If you're in an area prone to flooding, your mortgage company may require you to carry flood insurance. Even if it's not a requirement in your area, the extra protection afforded by a flood policy can make purchasing one worthwhile. However, flood insurance is not necessary in all areas, and it may be more economical for some people to skip it entirely. If you're a new homeowner, it pays to research your options before deciding whether flood insurance is really necessary.
What Is Flood Insurance?
Flood insurance is a supplemental policy or insurance rider that can cover damage caused by floods. The most common provider of flood insurance is the National Flood Insurance Program (NFIP), operated by FEMA. This government-assisted insurance program helps provide affordable insurance to people in areas of flood activity.
Some insurance companies offer their own flood policies as well, sold individually or in conjunction with standard homeowners plans.
Assessing Your Flood Risk
Because floods are very common in some areas and the damage they cause is often severe, many homeowners insurance companies exclude flood damage from their policies. For insurance purposes, a flood is described as rising water that enters a home from outside at the ground level. This means that water damage from a bust pipe is not covered by flood insurance, but damage caused by an overflowing riverbank, flash flood, or run-off from melting snow would all fall under the definition of "flood."
Naturally, some areas are more prone to floods than others. If you live near a coast or in a low-lying area, you are at a higher risk of flooding than someone who lives on a mountain peak or middle of the desert.
Flood risk assessment takes several factors into account:
- Annual rainfall: Areas with low precipitation are less likely to experience flooding, although flash floods can still be a problem.
- Elevation: Since water tends to gather in areas with low elevation, people living at higher altitudes will generally have a lower flood risk.
- Weather patterns: Areas in the path of hurricanes will flood more frequently than other parts of the country. Areas with heavy seasonal rains are more prone to flash flooding than areas with smaller but more frequent rains.
- Historical levels of flood claims in the past: Areas with a high flood risk in past years will frequently continue to be high risk.
The NFIP publishes a flood risk map that shows the areas of high, medium and low flood risk. This map changes frequently as information differs; due to changes in climate and other factors, some areas that were not previously prone to flooding have become higher risk. Currently, the highest risk areas are New England, the Deep South, and the states surrounding the Great Lakes. Most areas west of the Rocky Mountains have a fairly low flood risk.
Bear in mind that flood risk differs between counties, so one part of a state may have a much higher flood risk than another area. Additionally, individual communities can choose whether to participate in the NFIP. While most communities will choose to participate in the NFIP, it's possible that your county does not. You can check this on the NFIP website. If your community does not support NFIP insurance, you may need to obtain coverage from an independent company, like the Private Market Flood Insurance underwritten by Lloyd's.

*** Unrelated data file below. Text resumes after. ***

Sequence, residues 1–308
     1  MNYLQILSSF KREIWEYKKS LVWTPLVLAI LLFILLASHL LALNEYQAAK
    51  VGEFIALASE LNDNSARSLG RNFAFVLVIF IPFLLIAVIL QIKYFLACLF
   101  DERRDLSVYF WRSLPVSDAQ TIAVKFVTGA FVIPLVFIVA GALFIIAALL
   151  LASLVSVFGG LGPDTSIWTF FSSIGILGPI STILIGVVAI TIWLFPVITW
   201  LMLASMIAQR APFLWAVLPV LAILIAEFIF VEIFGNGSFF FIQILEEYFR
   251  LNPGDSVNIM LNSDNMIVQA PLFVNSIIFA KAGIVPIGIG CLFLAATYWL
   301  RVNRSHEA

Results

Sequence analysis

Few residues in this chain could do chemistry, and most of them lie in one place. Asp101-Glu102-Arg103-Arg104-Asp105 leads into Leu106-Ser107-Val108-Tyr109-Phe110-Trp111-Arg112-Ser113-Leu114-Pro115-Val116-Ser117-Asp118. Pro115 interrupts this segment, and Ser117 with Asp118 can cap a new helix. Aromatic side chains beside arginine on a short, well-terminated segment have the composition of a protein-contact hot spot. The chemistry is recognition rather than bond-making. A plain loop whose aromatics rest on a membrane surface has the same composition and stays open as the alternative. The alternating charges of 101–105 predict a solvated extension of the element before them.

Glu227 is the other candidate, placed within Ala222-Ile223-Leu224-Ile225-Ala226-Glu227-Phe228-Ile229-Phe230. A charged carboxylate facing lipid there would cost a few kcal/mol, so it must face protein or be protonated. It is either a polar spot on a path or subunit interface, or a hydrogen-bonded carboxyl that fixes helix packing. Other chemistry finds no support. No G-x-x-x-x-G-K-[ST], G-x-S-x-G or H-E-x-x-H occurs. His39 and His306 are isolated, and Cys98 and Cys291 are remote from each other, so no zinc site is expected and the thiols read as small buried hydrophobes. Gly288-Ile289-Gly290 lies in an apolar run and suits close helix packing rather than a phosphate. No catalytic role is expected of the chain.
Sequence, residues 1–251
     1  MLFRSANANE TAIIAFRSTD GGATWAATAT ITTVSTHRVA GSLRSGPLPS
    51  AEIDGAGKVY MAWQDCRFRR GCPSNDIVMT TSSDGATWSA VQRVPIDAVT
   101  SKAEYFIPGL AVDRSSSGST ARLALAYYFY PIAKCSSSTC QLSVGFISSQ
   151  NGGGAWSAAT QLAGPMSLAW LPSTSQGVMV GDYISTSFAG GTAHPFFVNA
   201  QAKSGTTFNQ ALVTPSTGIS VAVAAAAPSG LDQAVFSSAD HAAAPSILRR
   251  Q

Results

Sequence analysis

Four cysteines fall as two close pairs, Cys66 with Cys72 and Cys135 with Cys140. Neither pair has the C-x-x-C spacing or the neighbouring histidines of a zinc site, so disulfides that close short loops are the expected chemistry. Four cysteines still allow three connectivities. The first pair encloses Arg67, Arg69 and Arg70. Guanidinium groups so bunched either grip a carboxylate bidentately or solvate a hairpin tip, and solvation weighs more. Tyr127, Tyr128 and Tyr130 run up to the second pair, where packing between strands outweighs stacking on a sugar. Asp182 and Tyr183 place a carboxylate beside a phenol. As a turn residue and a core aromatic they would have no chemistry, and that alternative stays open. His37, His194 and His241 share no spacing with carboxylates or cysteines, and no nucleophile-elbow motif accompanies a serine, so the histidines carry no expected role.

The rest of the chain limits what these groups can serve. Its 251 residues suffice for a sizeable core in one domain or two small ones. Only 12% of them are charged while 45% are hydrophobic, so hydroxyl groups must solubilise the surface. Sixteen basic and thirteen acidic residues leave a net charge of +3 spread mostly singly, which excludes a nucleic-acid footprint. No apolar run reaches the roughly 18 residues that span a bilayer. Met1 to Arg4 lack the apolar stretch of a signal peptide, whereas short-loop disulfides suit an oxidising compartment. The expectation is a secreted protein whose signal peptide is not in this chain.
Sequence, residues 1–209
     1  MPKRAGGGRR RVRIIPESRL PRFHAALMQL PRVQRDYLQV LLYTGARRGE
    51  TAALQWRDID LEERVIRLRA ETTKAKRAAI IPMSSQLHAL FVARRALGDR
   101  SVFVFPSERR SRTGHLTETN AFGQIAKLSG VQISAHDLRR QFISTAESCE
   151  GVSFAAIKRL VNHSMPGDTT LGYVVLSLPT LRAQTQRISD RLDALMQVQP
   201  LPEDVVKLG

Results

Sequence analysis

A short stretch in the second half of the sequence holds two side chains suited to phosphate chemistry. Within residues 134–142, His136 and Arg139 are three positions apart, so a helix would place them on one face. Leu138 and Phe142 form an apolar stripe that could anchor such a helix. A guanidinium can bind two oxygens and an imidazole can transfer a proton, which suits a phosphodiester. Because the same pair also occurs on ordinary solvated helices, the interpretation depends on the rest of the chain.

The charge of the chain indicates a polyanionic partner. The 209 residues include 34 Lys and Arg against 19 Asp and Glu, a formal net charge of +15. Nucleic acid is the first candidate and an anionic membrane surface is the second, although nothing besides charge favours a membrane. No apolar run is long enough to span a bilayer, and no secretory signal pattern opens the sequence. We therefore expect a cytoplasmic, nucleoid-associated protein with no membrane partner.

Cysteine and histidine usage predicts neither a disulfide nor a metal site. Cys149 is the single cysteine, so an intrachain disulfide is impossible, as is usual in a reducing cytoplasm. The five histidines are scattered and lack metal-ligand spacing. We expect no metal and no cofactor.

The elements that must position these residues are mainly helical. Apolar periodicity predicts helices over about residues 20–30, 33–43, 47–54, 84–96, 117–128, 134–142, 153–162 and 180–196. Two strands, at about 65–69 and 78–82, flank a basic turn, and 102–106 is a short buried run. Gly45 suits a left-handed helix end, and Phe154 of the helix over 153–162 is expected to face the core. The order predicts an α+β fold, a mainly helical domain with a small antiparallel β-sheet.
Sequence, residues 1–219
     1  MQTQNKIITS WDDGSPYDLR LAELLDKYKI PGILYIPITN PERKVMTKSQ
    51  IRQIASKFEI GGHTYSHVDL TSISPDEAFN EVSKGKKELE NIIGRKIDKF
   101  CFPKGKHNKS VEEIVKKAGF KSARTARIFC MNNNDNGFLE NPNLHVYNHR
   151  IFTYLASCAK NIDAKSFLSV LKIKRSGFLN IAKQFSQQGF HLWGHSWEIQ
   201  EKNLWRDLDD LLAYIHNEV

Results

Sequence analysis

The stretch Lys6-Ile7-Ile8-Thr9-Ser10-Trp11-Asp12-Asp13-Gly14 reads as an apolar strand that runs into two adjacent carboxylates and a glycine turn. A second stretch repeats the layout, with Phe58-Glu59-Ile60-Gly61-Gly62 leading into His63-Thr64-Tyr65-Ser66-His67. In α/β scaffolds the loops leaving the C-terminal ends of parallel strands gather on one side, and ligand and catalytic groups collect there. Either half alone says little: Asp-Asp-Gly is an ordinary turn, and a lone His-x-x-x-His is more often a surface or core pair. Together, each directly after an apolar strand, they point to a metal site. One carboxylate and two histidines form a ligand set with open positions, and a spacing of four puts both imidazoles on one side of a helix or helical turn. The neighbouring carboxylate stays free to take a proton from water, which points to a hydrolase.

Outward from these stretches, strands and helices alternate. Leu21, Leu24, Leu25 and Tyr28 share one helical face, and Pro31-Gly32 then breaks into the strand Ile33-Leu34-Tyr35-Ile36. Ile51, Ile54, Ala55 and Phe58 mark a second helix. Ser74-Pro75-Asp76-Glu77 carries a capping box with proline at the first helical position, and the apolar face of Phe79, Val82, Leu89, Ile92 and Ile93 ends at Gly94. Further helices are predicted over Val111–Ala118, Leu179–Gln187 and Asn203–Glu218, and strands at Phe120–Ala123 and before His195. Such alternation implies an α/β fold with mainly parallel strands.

When Flood Insurance Is Required
If you own your home outright, you are not legally required to carry flood insurance, but you can obtain a policy if you desire. If you pay a mortgage, however, the mortgage company dictates what type of insurance is required. In general, federally insured and regulated lenders will require that you carry flood insurance if you are in a high-risk flood area, meaning any area with a 25% or better chance of flooding during the duration of the mortgage. Although not federally mandated, some mortgage companies will also require flood insurance if you live somewhere with a moderate to low flood risk.
The best way to determine whether flood insurance is required is to check with your mortgage company. You can usually call the company's customer service line or check the terms of your mortgage. Flood insurance and any other specific insurance requirements will be detailed in the mortgage agreement.
Do You Need Flood Insurance?
If your mortgage company does not specifically require flood insurance, or if you do not pay a mortgage for your home, it's your choice whether to obtain a flood policy. Check with your homeowners insurance company to confirm that flood damage is not covered under your standard policy. Some homeowners plans will allow you to add flood coverage without using a third-party insurer; others might be able to recommend you to a private insurer if NFIP is unavailable or unaffordable.
Flood coverage will tend to be more affordable in places where flooding is rare, so you may find the cost worthwhile to relieve your worry.
Assess Your Risk
If you live somewhere with a low risk of flooding, it's up to you to decide whether flood insurance is a reasonable investment. No matter where you live, nowhere is completely safe from flooding. The NFIP reports that around 25% of its claims and a third of disaster funding are spent on low-risk areas, and the average flood claim can cost around $30,000. Opting out of flood insurance is a calculated risk you can take if you feel that risk is worth the monetary savings of skipping the coverage.